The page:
Dozens of teachers, along with students, parents, policymakers, and community stakeholders, participated in a virtual symposium, Redefining the Future of Public Education, hosted by the Bridgeport Public Education Foundation and CEA.
Yesterday’s symposium explored topics such as special education, social emotional learning, engaging parents and other caregivers, technology, and the future of distance learning in a pandemic and post-pandemic world.
Addressing participants, whom she referred to as “mapmakers of our future education communities,” keynote speaker and NEA Foundation President Sara Sneed asked, “As teachers prepare for what school will look like in 2021 and beyond, when a vaccine becomes widely available, will we return to normal, will we nibble around the edges, or will we seize the moment and rethink what school can be and how we can transform learning opportunities for both students and educators?”
Pointing out that our current educational model was shaped over a century ago to prepare students for their places in life, she noted that it perhaps unintentionally sifted and sorted students based on deep-seated racial, economic, and cultural prejudices.
“There are new cries for justice in this moment,” said Sneed. “They include achieving enduring systemic changes that put equity at the center of all we do so that all students have an educational experience we can all be proud of. At least in our rhetoric today there is a greater social commitment to equity, and we can view these last months as an opportunity to reinvent our systems of education.”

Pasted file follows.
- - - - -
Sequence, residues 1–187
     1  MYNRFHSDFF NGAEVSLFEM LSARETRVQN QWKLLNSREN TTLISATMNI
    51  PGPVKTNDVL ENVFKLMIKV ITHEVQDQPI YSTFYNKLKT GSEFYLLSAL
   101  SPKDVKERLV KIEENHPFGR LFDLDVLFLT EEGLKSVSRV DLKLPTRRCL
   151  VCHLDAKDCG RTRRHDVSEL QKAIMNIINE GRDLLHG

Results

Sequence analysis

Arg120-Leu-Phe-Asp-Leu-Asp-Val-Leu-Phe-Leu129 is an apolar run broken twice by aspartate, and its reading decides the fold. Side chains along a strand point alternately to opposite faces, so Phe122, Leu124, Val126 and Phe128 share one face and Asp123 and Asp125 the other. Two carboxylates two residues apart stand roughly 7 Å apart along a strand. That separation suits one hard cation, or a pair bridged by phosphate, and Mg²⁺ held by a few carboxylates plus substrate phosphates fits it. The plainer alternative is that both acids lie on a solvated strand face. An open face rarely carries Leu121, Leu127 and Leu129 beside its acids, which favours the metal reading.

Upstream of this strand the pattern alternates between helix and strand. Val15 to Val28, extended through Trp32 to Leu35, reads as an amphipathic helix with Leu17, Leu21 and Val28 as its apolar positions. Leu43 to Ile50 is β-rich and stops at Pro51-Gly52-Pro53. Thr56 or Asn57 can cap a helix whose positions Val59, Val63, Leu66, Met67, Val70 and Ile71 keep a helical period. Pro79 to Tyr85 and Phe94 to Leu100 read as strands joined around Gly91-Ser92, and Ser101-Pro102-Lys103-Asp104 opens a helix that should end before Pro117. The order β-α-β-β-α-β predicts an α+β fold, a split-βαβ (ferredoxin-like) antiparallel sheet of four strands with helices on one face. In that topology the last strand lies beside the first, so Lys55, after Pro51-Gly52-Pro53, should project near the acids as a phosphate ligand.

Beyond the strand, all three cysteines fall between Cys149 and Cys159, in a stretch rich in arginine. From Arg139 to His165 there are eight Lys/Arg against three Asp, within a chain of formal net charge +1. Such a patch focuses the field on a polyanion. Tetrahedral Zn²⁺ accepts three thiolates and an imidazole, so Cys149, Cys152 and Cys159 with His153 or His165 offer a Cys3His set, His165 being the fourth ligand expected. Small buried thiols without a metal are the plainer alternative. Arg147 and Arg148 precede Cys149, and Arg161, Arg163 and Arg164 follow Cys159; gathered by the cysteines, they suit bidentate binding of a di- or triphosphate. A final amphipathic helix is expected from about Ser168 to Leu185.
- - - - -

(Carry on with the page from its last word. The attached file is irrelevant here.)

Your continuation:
In determining how we might transform what hasn’t been working for children, Sneed proposed considering the wisdom of experienced educators, students, and their families and redesigning schools to achieve more equitable teaching and learning.
“Justice is standing at the schoolhouse door, knocking and knocking,” she said. “Education is an engine for social progress.”
Building back better
The disruptions created by the pandemic have made clear that returning to business as usual in education is not an option, Sneed said. Borrowing a phrase from President-elect Joe Biden, she suggested we must “build back better.”
Working in small breakout sessions, symposium participants discussed what educational transformation might entail, including
- A new digital infrastructure to make distance and blended learning available to all students; technology, teachers agreed, is here to stay
- An equitable distribution of educational funding, resources, and opportunities across the country
- Black and brown children increasingly seeing themselves reflected in their teachers and leaders
- Relational trust at the center of school reopening post-COVID
- A safe, inclusive, welcoming environment for all students
Culturally responsive schools and curriculum are crucial, said Sneed, adding, “Connecticut has some really good things happening there.” She urged participants to “interrogate the curriculum to see if it’s culturally responsive, and engage teachers and parents in that interrogation.”
“Now is the time to transform—not reform—public education,” said Darien teacher and NEA Director Katy Gale. “This evening has given us a great start as we consider the future of public education here in Connecticut. It is the very bedrock of our communities. This begins our conversation, and it is an important one that can drive true change. All of you here this evening have shown an interest and support in advancing the cause of a strong public education system that works for all our students. Please take these ideas and share them with your own circles of those who have the same desire. We want to expand and continue this conversation. Our children and our communities are counting on us.”